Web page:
Mark Twain’s Thoughts On Turning Tom Sawyer Into a Play

Mark Twain was at the height of his popularity when he received a request to dramatize Tom Sawyer. The director of a theater company asked the author’s permission to use his name in association with the production. He concluded his letter by offering Twain a free ticket to see the performance.

Mark Twain

The famous writer was less than flattered by the request and wrote the following:


September 8, ’87

Dear Sir,

And so it has got around to you, at last; and you also have “taken the liberty.” You are No. 1365. When 1364 sweeter and better people, including the author, have tried to dramatize Tom Sawyer and did not arrive, what sort of show do you suppose you stand? That is a book, dear Sir, which cannot be dramatized. One might as well try to dramatize any other hymn. Tom Sawyer is simply a hymn, put into prose form to give it a worldly air.…

… I have seen Tom Sawyer’s remains in all the different kinds of dramatic shrouds there are. You cannot start anything fresh. Are you serious when you propose to pay my expence—if that is the Susquehannian way of spelling it? And can you be aware that I charge a hundred dollars a mile when I travel for pleasure. Do you realize that it is 432 miles to Susquehanna? Would it be handy for you to send me the $43,200 first, so I could be counting it as I come along; because railroading is pretty dreary to a sensitive nature when there’s nothing sordid to buck at for Zeitvertreib.

Now as I understand it, dear and magnanimous 1365, you are going to recreate Tom Sawyer dramatically, and then do me the compliment to put me in the bills as father of this shady offspring? Sir, do you know that this kind of compliment has destroyed people before now? Listen.

Twenty-four years ago, I was strangely handsome. The remains of it are still visible through the rifts of time. I was so handsome that human activities ceased as if spellbound when I came in view, and even inanimate objects stopped to look—like locomotives, and district messenger boys and so-on. In San Francisco, in rainy season I was often mistaken for fair weather. Upon one occasion I was traveling in the Sonora region, and stopped for an hour’s nooning, to rest my horse and myself. All the town came out for a look. A Piute squaw named her baby after me,—a voluntary compliment which pleased me greatly.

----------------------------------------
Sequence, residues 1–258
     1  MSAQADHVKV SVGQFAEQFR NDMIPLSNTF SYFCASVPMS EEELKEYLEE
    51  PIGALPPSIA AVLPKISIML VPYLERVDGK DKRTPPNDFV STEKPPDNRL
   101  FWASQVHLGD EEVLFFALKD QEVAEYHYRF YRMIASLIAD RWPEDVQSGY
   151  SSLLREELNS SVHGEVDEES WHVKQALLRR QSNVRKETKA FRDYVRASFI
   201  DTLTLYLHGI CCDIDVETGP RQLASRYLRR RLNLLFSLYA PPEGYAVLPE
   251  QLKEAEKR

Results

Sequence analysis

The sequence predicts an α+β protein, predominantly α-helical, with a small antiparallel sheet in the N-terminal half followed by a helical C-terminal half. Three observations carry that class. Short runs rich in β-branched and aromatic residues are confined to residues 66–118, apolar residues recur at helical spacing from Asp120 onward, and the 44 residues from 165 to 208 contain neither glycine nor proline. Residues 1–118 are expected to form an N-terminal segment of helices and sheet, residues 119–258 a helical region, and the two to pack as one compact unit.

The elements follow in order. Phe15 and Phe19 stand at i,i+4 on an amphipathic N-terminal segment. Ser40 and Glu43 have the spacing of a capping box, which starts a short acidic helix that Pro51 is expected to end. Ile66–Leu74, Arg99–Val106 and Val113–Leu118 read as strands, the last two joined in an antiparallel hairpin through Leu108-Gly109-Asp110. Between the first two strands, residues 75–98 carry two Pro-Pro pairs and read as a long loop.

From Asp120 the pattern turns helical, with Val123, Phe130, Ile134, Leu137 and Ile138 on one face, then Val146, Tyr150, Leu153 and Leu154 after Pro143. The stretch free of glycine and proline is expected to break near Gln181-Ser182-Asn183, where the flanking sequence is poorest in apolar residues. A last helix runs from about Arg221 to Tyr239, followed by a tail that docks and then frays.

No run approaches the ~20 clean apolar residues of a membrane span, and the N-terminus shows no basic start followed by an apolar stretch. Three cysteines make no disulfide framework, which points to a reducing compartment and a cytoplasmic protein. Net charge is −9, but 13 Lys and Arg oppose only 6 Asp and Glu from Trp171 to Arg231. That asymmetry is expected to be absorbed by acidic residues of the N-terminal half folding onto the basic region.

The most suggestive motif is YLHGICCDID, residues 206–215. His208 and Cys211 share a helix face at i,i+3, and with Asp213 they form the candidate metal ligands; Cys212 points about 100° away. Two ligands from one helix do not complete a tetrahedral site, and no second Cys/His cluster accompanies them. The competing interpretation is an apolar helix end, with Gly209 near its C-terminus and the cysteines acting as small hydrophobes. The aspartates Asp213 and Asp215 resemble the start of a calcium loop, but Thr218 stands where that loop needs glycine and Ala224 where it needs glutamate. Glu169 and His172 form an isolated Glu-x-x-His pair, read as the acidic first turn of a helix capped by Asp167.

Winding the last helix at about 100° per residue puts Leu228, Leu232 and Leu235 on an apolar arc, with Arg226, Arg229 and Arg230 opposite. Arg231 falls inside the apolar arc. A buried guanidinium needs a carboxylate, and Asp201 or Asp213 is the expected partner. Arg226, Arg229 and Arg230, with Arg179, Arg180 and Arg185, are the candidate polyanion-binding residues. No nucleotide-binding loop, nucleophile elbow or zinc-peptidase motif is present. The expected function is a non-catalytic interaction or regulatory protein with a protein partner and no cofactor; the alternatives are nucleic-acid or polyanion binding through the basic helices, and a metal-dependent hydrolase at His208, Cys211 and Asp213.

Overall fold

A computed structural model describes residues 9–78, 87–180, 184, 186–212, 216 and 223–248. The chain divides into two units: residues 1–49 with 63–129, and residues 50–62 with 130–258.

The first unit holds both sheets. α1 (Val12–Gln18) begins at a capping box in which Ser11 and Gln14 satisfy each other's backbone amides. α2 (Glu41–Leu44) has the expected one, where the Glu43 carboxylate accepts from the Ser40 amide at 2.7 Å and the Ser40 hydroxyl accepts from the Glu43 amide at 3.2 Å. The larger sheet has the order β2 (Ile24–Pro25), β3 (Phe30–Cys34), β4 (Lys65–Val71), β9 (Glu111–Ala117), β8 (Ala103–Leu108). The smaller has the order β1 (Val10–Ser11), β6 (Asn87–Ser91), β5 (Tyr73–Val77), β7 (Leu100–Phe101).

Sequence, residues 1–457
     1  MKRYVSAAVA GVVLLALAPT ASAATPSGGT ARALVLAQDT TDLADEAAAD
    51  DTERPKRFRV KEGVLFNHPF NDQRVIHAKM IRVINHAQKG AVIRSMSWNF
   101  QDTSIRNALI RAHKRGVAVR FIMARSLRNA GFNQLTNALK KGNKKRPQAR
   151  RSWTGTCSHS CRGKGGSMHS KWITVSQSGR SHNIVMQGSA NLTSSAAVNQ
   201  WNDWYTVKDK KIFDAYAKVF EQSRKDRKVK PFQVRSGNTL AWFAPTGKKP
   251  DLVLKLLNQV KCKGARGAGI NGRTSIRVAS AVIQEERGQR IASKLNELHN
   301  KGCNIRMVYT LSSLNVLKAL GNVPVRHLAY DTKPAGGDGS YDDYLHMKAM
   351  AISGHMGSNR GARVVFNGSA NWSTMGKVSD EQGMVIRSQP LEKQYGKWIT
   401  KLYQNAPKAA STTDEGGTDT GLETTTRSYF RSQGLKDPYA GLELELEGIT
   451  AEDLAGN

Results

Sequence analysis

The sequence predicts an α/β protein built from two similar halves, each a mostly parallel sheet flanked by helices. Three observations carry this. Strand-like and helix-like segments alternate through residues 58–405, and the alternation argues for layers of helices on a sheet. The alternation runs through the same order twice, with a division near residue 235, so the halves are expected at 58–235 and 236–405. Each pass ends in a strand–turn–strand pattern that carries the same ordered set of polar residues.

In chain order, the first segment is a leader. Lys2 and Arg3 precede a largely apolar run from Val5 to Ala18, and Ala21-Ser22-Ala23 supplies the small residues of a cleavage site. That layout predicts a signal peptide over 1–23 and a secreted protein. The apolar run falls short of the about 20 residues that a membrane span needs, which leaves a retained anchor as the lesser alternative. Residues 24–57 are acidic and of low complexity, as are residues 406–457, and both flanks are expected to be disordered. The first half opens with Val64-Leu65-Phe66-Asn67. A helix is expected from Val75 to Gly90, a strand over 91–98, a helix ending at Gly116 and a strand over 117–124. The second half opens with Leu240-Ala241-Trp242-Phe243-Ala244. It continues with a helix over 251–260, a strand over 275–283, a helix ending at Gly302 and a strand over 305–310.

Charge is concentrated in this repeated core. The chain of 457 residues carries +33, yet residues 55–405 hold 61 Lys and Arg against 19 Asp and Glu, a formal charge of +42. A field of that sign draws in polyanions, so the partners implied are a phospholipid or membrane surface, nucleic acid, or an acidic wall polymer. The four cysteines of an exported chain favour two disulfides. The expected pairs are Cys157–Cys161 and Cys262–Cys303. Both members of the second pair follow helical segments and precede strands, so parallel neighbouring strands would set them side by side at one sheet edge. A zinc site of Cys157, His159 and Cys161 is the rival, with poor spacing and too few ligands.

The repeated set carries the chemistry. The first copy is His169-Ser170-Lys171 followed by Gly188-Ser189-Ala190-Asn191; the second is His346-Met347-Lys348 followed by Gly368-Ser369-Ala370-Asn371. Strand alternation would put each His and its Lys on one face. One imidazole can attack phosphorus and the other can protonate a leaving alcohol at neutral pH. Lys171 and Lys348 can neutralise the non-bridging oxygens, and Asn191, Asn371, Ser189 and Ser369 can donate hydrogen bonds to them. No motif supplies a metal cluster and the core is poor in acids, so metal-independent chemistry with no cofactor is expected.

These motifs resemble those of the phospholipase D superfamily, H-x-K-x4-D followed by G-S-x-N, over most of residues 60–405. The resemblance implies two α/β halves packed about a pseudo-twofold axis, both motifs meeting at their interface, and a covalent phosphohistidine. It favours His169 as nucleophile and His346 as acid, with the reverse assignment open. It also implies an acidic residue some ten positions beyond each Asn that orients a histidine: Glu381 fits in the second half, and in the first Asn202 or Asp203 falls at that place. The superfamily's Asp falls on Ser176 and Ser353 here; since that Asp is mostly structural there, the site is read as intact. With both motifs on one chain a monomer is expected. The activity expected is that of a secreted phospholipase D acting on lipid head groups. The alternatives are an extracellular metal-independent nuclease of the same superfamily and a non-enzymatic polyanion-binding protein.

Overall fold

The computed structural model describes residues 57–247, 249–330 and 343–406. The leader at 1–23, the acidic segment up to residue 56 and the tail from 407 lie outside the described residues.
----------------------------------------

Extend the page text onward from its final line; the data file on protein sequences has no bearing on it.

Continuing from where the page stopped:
Other attentions were paid me. Last of all arrived the president and faculty of Sonora University and offered me the post of Professor of Moral Culture and Dogmatic Humanities; which I accepted gratefully, and entered at once upon my duties. But my name had pleased the Indians, and in the deadly kindness of their hearts they went on naming their babies after me. I tried to stop it, but the Indians could not understand why I should object to so manifest a compliment. The thing grew and grew and spread and spread and became exceedingly embarrassing. The University stood it a couple of years; but then for the sake of the college they felt obliged to call a halt, although I had the sympathy of the whole faculty.

The president himself said to me, “I am sorry as I can be for you, and would still hold out if there were any hope ahead; but you see how it is: there are a hundred and thirty-two of them already, and fourteen precincts to hear from. The circumstance has brought your name into most wide and unfortunate renown. It causes much comment—I believe that is not an overstatement. Some of this comment is palliative, but some of it—by patrons at a distance, who only know the statistics without the explanation,—is offensive, and in some cases even violent. Nine students have been called home. The trustees of the college have been growing more and more uneasy all these last months—steadily along with the implacable increase in your census—and I will not conceal from you that more than once they have touched upon the expediency of a change in the Professorship of Moral Culture. The coarsely sarcastic editorial in yesterday’s Alta,—headed Give the Moral Acrobat a Rest—has brought things to a crisis, and I am charged with the unpleasant duty of receiving your resignation.”

I know you only mean me a kindness, dear 1365, but it is a most deadly mistake. Please do not name your Injun for me.

Truly yours,

When Yes or No Aren’t Enough

The legendary showman Florenz Ziegfeld was well known for his constant and frantic use of the telephone and telegram. He would often send his performers telegrams after watching their work from the back of the theater, offering criticisms or suggestions.

Groucho Marx and the Cover of Time

When Groucho Marx’s face appeared on the front cover of the December 31, 1951, issue of Time magazine, he sat down and composed the following letter to the magazine’s publisher.

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